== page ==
What Really Happened That Fateful Day
This car was acquired for the use of my betrothed, Nina, a genuine soccer mom with two preteen boys. Nina is a Norwegian who has driven various types of foreign cars almost exclusively throughout the years, finding most of them quite efficient but also pretty boring. So when this one-owner, mostly garaged Dart recently became available, she ran her hands all along its contours, proclaimed it to be a car with great soul, and heartily agreed it should be ours (you gotta love it).

However, her first behind-the-wheel experience in it was brief. "The brakes are horrible, and I'm not driving it until they're fixed," she said.

The shoes were checked, the brakes adjusted, the hydraulics checked out, and her verdict was the same. "The brakes are still awful, but you can drive it if you want."

And so it came to pass that, on the rain-slickened roads of California's coastal Santa Cruz Mountains, I was nearing the end of an extended, crowded, curving, steep, two-lane downhill run that required heavy brake application, even with the automatic tranny in Second gear and the brakes sizzling. Coming around a tight right-hand curve, I saw a line of stopped cars not very far ahead of me. I stomped on the brake pedal, which had virtually no effect. I was going only about 20 mph at that time, so I pulled it down into Low, hoping for the best.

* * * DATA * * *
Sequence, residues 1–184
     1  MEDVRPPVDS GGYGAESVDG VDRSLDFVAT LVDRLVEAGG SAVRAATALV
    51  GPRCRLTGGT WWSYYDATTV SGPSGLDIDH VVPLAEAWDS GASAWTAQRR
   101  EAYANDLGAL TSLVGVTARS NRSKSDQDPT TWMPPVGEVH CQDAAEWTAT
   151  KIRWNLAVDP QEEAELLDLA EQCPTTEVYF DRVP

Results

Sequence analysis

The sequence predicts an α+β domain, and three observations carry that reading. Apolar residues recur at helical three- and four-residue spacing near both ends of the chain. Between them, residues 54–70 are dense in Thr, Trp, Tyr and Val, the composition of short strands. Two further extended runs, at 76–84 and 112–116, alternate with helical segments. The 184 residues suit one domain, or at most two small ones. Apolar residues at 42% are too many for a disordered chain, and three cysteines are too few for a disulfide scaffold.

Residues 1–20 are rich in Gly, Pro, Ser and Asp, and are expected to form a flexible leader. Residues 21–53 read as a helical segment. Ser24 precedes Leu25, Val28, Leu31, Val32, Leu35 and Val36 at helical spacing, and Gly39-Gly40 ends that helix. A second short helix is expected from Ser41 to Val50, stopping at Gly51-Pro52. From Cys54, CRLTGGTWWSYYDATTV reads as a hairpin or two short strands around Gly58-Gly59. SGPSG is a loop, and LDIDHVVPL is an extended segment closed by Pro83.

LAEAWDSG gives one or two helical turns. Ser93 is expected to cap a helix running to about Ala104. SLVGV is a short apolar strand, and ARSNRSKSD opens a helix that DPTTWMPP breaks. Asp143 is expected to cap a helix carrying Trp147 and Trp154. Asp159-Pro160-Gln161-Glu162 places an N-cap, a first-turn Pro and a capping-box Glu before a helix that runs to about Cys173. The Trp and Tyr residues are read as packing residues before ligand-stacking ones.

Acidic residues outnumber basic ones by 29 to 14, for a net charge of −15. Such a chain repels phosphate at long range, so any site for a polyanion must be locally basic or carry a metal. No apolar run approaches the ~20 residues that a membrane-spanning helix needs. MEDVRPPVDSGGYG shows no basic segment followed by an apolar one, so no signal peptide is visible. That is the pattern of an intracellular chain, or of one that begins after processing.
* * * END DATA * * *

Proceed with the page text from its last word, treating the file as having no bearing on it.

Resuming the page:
Yep, running into the cars in front of me was no longer a problem. Instead, the rear tires instantly broke loose and, given the wet road; the downhill, weight-on-the-nose attitude of the car; and the sideways momentum of going around the curve the back end made a quick swing out to the left.

The good news is there were no cars coming the other way as I momentarily took up both lanes. The bad news is the curve was so sharp, I was sliding off the road and onto the embankment before I could do anything about it. More good news: The Dart slid right in between the large oak tree on the left and the telephone pole on the right and, being at a right angle to the road I didn't barrel roll down the embankment. It almost stopped after sliding along sideways in the damp dirt, and I was about to breathe a sigh of relief, but then bad news again: The tires dug in and it ever so gently tipped up onto its left side. Good news: It stayed there and didn't roll over onto its roof.

The Dart was rather precariously balanced, though, and a bunch of folks materialized seemingly out of nowhere to hold it up while I got out. Gas was slowly dripping out of the gas cap, while these folks were frantically hollering at me to get out before it exploded (too many action movies, I guess), but I was intent on finding out where my little point-and-shoot camera had ended up. After all, I knew I would tell this tale for a long time to come, and for a photojournalist not to have photos of such an event was unthinkable.

I also wanted to find my plastic film container that was filled with 93-percent nitro, courtesy of the crew of the hemi-powered, Foothill Flyer front-engine dragster. Assuming the police would probably check things out, that was one conversation this long-haired writer figured would be better to avoid. But the police, paramedics, and fire-department personnel who came along were friendly, understanding, glad no one was hurt, and just interested in pulling the car back onto its wheels and getting it out of there.